The best life begins and ends with Quality
19 September 2016

The best life begins and ends with Quality

Benetas and American-based Council on Quality and Leadership (CQL) recently came together for a series of meetings and discussions to celebrate research outcomes and insights into the quality of ageing and end of life together with the Ray Graham Association and AHRC in America. As the first Australian aged-care specific organisation to work with CQL, Benetas is very excited to be involved in research that will truly make a positive impact on the quality of life that clients and their loved ones will enjoy at any age.

At this recent visit, Benetas CEO Sandra Hills noted that Australians are very fortunate to benefit from a unified vision of healthcare in government, despite the work that still needs tobe done in translating that vision into sustainable healthcare policies.

“We are undergoing an exciting time of transition in aged care, with greater focus on the choice, control and access of services to consumers. As we transition into new approaches to aged care and government funding, part of our motivation in working with CQL and implementing their way of working is to achieve more for our customers. Over time this will result in increased person-centered excellence and care,” said Ms Hills.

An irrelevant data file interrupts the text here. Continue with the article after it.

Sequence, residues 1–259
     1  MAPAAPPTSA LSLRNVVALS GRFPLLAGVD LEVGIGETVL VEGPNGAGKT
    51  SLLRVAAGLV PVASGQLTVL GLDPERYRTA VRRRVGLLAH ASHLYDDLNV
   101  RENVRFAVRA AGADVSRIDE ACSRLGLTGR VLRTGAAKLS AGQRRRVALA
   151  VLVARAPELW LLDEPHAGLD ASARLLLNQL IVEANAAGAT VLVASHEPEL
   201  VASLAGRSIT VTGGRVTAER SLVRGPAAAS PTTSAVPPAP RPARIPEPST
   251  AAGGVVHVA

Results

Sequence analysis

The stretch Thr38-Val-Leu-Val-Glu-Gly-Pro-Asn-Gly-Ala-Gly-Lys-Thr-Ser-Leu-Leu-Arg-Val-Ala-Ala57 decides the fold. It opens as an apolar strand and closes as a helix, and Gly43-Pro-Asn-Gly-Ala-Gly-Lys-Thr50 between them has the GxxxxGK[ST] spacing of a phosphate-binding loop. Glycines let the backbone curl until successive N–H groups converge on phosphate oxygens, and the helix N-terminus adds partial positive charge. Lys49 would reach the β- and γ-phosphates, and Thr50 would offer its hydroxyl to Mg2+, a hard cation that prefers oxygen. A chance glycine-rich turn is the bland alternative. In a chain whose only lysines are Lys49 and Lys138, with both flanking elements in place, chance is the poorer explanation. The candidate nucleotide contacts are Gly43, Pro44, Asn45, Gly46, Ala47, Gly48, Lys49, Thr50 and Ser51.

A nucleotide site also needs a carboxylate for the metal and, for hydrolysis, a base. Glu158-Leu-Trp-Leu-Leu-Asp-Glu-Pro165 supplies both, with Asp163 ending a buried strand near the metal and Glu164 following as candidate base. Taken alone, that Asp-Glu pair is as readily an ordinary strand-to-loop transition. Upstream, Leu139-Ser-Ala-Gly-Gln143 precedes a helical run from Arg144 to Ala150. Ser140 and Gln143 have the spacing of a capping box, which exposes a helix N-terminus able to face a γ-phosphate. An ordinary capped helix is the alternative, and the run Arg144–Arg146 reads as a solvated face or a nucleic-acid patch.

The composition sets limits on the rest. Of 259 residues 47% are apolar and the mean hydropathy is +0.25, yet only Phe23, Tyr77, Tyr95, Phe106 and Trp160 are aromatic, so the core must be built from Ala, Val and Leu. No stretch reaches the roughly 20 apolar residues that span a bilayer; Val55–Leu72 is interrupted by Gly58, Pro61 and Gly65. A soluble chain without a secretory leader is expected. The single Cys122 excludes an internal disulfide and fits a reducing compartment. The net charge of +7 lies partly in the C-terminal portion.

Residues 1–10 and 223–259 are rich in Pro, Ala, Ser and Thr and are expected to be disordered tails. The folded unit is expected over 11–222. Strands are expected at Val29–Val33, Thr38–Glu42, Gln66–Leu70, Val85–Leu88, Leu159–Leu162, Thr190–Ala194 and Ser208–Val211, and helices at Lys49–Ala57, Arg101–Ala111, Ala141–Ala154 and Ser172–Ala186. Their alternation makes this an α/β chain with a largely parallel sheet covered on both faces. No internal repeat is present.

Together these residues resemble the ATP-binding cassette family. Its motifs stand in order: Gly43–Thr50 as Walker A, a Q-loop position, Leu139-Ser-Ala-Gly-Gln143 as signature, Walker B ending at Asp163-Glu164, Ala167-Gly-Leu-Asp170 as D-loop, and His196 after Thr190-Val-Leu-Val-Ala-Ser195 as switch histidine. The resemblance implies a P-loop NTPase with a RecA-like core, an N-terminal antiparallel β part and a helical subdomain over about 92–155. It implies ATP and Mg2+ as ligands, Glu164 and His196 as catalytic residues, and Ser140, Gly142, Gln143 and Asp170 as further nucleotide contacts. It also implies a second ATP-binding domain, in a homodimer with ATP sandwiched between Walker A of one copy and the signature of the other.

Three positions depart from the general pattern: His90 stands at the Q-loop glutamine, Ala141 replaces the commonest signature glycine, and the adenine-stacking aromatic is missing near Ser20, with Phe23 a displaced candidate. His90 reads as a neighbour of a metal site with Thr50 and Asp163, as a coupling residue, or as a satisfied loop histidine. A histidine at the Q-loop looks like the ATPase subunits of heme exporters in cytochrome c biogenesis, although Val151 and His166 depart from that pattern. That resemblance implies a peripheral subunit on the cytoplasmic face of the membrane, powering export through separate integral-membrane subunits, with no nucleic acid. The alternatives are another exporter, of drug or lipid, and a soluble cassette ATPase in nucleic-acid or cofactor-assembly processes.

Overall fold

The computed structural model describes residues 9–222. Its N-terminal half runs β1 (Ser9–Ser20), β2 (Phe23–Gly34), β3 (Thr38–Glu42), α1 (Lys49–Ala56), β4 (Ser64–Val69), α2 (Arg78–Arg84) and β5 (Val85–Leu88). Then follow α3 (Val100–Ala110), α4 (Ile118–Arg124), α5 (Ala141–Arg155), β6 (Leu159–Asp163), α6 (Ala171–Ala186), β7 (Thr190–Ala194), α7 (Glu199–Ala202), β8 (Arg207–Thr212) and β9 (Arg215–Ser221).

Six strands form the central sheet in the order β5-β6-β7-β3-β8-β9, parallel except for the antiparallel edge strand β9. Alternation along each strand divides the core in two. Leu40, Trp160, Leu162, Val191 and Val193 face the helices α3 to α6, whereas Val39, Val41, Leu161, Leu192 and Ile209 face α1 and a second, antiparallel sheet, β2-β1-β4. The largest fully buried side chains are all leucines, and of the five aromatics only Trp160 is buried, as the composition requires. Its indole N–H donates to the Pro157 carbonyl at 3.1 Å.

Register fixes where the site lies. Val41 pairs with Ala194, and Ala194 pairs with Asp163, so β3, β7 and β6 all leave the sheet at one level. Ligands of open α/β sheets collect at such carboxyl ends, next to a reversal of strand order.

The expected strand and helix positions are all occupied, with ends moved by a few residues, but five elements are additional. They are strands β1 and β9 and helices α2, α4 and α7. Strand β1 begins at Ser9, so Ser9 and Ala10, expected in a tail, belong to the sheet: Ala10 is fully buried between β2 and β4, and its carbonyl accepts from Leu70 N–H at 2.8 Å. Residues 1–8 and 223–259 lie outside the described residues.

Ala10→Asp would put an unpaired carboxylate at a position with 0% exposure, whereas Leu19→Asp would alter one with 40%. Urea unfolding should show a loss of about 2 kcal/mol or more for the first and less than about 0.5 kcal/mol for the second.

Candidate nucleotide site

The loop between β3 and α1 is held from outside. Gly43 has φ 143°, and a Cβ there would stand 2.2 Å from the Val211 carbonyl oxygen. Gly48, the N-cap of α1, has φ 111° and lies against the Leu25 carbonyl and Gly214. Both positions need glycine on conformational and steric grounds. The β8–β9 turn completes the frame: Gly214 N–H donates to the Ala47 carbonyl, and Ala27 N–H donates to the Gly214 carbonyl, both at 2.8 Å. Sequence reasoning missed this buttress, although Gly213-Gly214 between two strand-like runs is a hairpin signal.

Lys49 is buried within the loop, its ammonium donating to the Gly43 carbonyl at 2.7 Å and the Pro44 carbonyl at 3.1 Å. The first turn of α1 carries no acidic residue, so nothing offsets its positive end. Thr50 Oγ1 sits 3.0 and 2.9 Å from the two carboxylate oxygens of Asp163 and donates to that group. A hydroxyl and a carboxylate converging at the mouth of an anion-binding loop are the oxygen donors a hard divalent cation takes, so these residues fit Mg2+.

“We are amassing very significant data in our research on ageing, end of life quality and care however this data has to be used carefully. The individual’s journey and life has to be charted and reflected on over a whole period, including a person’s social capital and an appreciation of the significance of their roles in life.”

Ms Hills said Benetas’ focus on the customer experience and commitment to the Quality Management Framework meant that our journey with CQL, beginning 18 months ago has been well- placed to deliver on a more innovativeand personal method of understanding a positive experience of ageing.

“The information we acquire from our CQL research means customers will have more of an opportunity to explore and articulate what they want from us and what they want their ageing experience to look like, to ultimately inform policy directives and knowledge transfer within the wider aged care community.”